Of the surveys mailed to Ontario emergency physicians (n=1043), 311 were completed and returned, yielding a response rate of 30%. When asked what percentage of their clinical activity involved emergency patients, 62.7% of physicians indicated greater than 75% (Question A.1). Figure 1 illustrates the distribution of responses to this question. Approximately 38% of physicians reported that 3% to 4% of patients encountered in the emergency department presented with acute headache (Figure 2). Twenty-two per cent of physicians reported the number to be even higher at greater than 4% (Figure 2). Migraine is diagnosed, in these cases, more than 40% of the time according to approximately 24% of surveyed physicians, and between 26% and 40% of the time according to approximately 33% (Figure 3). Only approximately 26% of responding emergency physicians reported using the International Headache Society criteria for the diagnosis of migraine (Question A.4). Figure 4 illustrates the distribution of responses pertaining to triptan medication use history among migraine patients. Approximately 69% of surveyed physicians answered that less than 50% of migraine patients had tried triptans (Figure 4).
Figure 5 illustrates the distribution of emergency physicians’ responses regarding their use of triptans in treating migraine patients. Approximately 66% of respondents reported that they did not use triptans. Table 1 summarizes the varying responses pertaining to the rationale for not using triptans. The most commonly selected justification among approximately 45% of emergency physicians was due to lack of availability secondary to protocol/formulary issues (Table 1). Only approximately 15% of emergency physicians reported that they had a standardized headache protocol in their emergency department (Question B.3). In the few departments with headache protocols, approximately 16% reported the inclusion of antiemetics, 11% included nonsteroidal anti-inflammatories, 9% included ergotamines, 2% included opiates and less than 1% included triptans (Question B.4).
With respect to discharge management, only approximately 22% of emergency physicians reported referring migraine patients to headache specialists or neurologists (Question C.1). Figure 6 demonstrates the distribution of responses pertaining to prescribing triptans on discharge from the emergency department. The most commonly selected response was that approximately 40% of emergency physicians never prescribed triptans on discharge (Figure 6). Finally, Figure 7 demonstrates the distribution of responses pertaining to the return of migraine patients to the emergency department within 12 months. Approximately 46% of emergency physicians reported that more than 10% of migraine patients would return within that period.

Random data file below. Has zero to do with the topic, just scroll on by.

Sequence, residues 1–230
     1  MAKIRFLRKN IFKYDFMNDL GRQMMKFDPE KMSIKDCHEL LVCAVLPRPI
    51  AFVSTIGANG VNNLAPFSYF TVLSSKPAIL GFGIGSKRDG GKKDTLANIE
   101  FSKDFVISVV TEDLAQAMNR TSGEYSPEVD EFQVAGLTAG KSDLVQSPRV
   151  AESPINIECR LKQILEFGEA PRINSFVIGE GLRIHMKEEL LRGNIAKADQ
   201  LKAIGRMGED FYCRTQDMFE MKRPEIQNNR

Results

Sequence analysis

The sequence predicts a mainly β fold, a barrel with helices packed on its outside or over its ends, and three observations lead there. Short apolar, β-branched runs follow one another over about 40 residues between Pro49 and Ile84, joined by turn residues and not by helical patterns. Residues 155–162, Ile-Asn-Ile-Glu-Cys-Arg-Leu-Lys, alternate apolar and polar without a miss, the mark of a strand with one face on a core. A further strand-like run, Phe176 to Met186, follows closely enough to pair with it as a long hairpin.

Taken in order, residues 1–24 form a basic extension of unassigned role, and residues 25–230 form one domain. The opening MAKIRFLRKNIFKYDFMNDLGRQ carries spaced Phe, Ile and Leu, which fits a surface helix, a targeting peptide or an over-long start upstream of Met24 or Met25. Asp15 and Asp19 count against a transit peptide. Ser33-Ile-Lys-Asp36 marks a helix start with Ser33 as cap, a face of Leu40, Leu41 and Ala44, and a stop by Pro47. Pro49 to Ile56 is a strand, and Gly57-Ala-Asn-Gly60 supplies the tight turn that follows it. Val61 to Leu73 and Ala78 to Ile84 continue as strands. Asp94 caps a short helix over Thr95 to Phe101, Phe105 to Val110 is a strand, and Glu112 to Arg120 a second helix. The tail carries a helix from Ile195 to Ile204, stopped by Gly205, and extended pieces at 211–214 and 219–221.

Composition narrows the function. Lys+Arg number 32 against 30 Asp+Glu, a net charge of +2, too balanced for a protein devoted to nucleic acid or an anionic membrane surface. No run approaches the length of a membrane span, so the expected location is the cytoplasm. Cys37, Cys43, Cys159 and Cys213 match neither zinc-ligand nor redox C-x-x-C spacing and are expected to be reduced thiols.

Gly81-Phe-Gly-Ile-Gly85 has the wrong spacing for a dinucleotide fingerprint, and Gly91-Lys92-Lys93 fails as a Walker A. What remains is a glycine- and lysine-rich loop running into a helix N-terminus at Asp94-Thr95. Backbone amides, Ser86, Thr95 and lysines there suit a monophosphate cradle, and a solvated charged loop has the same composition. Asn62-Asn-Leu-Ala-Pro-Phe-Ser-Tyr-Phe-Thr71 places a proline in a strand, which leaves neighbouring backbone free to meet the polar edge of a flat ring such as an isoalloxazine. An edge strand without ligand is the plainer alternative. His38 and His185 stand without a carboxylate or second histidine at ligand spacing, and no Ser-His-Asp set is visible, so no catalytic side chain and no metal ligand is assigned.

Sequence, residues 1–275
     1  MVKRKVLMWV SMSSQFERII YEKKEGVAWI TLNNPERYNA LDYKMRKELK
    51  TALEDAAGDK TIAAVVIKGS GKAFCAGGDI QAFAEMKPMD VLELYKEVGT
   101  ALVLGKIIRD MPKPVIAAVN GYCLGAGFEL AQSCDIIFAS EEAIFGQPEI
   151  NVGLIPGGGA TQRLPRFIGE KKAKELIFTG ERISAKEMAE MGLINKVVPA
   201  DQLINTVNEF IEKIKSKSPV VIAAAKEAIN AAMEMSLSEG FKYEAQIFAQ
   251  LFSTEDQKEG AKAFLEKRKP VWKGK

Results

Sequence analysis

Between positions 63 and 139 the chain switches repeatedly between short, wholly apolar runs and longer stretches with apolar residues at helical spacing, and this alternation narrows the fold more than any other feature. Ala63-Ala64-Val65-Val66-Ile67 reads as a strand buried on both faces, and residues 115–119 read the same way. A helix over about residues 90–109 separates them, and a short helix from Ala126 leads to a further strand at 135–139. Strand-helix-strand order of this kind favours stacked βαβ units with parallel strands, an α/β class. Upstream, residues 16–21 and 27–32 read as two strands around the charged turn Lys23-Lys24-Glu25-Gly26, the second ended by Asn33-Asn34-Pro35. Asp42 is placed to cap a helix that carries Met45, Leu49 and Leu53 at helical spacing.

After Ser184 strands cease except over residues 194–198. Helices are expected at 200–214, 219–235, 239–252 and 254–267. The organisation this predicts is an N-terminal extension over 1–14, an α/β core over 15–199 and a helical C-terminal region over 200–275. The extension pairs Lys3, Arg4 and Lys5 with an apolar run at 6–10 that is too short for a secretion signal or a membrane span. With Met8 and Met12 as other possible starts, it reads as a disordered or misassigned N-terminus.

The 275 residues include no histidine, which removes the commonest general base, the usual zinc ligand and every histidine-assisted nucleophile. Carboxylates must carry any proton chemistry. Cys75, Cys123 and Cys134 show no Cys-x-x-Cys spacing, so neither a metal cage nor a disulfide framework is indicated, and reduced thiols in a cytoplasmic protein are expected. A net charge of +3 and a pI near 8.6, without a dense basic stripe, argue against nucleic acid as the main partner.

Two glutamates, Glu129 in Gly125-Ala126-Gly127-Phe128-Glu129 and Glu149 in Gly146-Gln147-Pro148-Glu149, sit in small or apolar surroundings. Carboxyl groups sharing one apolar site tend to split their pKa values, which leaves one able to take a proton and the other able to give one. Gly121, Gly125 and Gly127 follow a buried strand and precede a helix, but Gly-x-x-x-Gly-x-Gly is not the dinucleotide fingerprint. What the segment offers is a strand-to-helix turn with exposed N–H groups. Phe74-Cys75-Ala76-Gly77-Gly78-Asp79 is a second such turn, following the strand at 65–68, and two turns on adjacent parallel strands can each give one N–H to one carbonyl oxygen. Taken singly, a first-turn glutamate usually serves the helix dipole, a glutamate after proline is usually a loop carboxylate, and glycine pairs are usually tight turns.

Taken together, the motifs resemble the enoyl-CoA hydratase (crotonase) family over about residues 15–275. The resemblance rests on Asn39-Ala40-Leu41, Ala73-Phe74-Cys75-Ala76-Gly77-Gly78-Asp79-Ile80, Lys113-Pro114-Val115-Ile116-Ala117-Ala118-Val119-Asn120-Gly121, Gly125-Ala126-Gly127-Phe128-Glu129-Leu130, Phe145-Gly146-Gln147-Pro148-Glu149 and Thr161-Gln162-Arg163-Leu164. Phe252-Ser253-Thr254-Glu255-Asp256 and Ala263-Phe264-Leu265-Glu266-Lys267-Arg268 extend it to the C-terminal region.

Our survey examined migraine diagnosis and management within Ontario emergency departments. Several areas requiring improvement were identified. Despite frequent encounters with migraine patients, it appears that ICHD-2 criteria are rarely used. Diagnostic imprecision can lead to generalized pain treatment instead of migraine-specific treatment (1). This may stem from emergency physicians focusing on ruling out secondary, often life-threatening, causes of headache (1).
Despite the fact that many migraine patients are severely disabled, opiates and nonsteroidal anti-inflammatory medications were prescribed more commonly than migraine-specific therapies in emergency departments. It may be postulated that a step care approach by emergency physicians involves using opiates and nonsteroidal anti-inflammatory medications as first-line treatments before triptans are used (6,11,12). It is possible that the high cost of triptans has also made it difficult to implement this therapy within emergency departments (3,6). However, it has been demonstrated that in patients stratified with severe migraines, management with migraine-specific treatments has been most effective for decreasing headache and disability (4). It is also apparent from our results that headache protocols can be improved to include such migraine-specific options. It is also important to consider that triptans are much more effective when used early in the course of migraine headaches (6). Revised protocols may also include an effective triage strategy to ensure that migraine-specific treatment is not delayed by wait times.
Our study reflected how prescriptions given on discharge rarely include migraine-specific medications for future abortive therapy (13). Similarly, prophylaxis was infrequently addressed and outpatient referrals to neurologists/headache specialists were not common. Undoubtedly, these contributed to the high frequency of return visits to the emergency department noted among migraine patients (10). It has been demonstrated that outpatient referrals and appropriate follow-up result in decreased future disability and more cost-effective care (10,14).
Results obtained from survey studies certainly lend themselves to limitations including recall bias. For example, the reported use of narcotics in our survey was much lower than results obtained from other retrospective studies (15). Certainly, retrospective studies could assist in comprehensively evaluating migraine management within emergency departments. The results of the present study are important because they highlight many areas of improvement required with respect to emergency migraine management. Additional studies and implementation of guidelines may optimize future care for patients with migraine.
Migraine management within Ontario emergency departments can be improved with respect to diagnosis and use of appropriate ICHD-2 criteria. Implementation of headache protocols that are centred on a stratified care form of management and include migraine-specific treatment would benefit many patients with significant disability (4). Improved attention to prophylaxis can reduce the economic and health care burden of migraine patients making recurring visits to the emergency department (10). Finally, more appropriate channelling to outpatient care, including referral to neurologists or headache specialists, is necessary (14).
SURVEY CODE: ___________
Thank you for participating in our survey
FINANCIAL SUPPORT: This project was funded by a research grant provided by Pfizer Canada. The authors also thank the American Headache Society for its support via the 2009 American Headache Society Scholarship.
CONFLICT OF INTEREST: No authors have any conflicts of interest.